The past week seemed relatively quiet in comparison to the nonstop flurry of activity that 2013 has brought so far. Nonetheless, significant fallout from the Noel Canning v. NLRB decision continues, a new partnership with Newark was announced, and a decision for the 113th Congress that could impact the CFPB was made.

February 4, 2013


On February 4, 2013, the first emergency filing related to the D.C. Circuit Court’s decision in Noel Canning v. NLRB, (Canning decision) seeking a partial stay of a section 10(j) National Labor Relations Act injunction, was filed with the U.S. Supreme Court (Supreme Court), and within hours denied by Justice Ginsberg.

The basis of the request was the January 25th Canning decision by the D.C. Circuit, which in essence held that the President’s recess appointments to the National Labor Relations Board (NLRB) were unconstitutional, and thus, arguably making the injunction the NLRB won late last year concerning HealthBridge invalid and unenforceable.1 The case is HealthBridge Management LLC, et. al., v. Jonathan B. Kreisberg, Regional Director of Region 34 of the National Labor Relations Board, Case No. 12A769.2 HealthBridge is represented by former Solicitor General Paul Clement.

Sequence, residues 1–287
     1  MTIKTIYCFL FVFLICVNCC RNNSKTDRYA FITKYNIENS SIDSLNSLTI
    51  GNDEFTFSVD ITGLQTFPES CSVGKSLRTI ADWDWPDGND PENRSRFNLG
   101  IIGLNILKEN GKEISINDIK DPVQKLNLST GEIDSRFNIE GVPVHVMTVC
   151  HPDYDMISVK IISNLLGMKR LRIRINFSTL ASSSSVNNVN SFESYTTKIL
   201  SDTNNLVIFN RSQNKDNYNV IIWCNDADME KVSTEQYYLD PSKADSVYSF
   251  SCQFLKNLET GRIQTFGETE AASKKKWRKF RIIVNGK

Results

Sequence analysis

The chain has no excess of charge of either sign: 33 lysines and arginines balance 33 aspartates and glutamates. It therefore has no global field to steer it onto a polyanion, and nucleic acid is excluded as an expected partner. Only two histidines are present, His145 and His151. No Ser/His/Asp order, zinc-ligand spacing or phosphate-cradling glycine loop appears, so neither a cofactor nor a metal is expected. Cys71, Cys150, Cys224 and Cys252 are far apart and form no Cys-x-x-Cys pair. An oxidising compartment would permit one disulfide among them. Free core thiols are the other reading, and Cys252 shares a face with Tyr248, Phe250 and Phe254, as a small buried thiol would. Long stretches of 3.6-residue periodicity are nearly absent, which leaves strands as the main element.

Had HealthBridge’s request been granted, it would have likely been heard before the Canning decision, which is expected to be appealed to the Supreme Court.

“…an extraordinary request prompted by extraordinary circumstances.”

— from the emergency application filed this week with the United States Supreme Court seeking a partial stay of a District Court’s preliminary injunction entered in favor of the National Labor Relations Board in light of the Noel Canning v. NLRB decision, 2/4/13.

February 6, 2013


Shortly after the denial by Justice Ginsberg of HealthBridge’s request for extraordinary relief, the former U.S. Solicitor General, Paul Clement, filed a second application for stay -- as permitted under court rules -- directed at Justice Antonin Scalia. On February 6, 2013, Justice Scalia denied the second bid for stay.3 Like Justice Ginsberg, Justice Scalia did not refer the application to the full court for consideration.

The reasoning for the Justices’ decisions to deny the extraordinary request at this point is anyone’s guess. But it is plausible the Supreme Court is trying to avoid a chaotic situation in the wake of the Canning decision. Moreover, it is anticipated that the government will seek a stay of the underlying D.C. Circuit decision should it choose to appeal the matter to the Supreme Court.

How the Supreme Court proceeds in the days ahead can have a significant impact on the present and past actions of the CFPB. It is anticipated that numerous actions similar to HealthBridge exist. The Supreme Court response this week, however, was a clear message concerning how it intends to proceed under the current state of affairs.

February 7, 2013